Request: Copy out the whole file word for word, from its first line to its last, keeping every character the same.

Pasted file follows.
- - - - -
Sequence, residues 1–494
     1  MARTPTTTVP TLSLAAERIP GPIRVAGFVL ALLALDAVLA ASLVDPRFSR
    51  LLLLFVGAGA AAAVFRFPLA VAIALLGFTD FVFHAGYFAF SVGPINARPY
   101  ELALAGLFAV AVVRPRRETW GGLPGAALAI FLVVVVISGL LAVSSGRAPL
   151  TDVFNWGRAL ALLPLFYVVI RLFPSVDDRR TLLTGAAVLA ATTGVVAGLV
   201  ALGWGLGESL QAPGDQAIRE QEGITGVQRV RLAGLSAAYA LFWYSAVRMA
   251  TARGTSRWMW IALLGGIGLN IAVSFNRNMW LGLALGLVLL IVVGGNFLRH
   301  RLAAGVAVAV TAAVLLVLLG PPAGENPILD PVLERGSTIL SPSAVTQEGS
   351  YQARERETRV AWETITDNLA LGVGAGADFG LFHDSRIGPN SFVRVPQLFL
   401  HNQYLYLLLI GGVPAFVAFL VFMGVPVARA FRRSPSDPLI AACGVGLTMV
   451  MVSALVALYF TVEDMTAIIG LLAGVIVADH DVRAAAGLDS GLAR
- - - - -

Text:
Sequence, residues 1–494
     1  MARTPTTTVP TLSLAAERIP GPIRVAGFVL ALLALDAVLA ASLVDPRFSR
    51  LLLLFVGAGA AAAVFRFPLA VAIALLGFTD FVFHAGYFAF SVGPINARPY
   101  ELALAGLFAV AVVRPRRETW GGLPGAALAI FLVVVVISGL LAVSSGRAPL
   151  TDVFNWGRAL ALLPLFYVVI RLFPSVDDRR TLLTGAAVLA ATTGVVAGLV
   201  ALGWGLGESL QAPGDQAIRE QEGITGVQRV RLAGLSAAYA LFWYSAVRMA
   251  TARGTSRWMW IALLGGIGLN IAVSFNRNMW LGLALGLVLL IVVGGNFLRH
   301  RLAAGVAVAV TAAVLLVLLG PPAGENPILD PVLERGSTIL SPSAVTQEGS
   351  YQARERETRV AWETITDNLA LGVGAGADFG LFHDSRIGPN SFVRVPQLFL
   401  HNQYLYLLLI GGVPAFVAFL VFMGVPVARA FRRSPSDPLI AACGVGLTMV
   451  MVSALVALYF TVEDMTAIIG LLAGVIVADH DVRAAAGLDS GLAR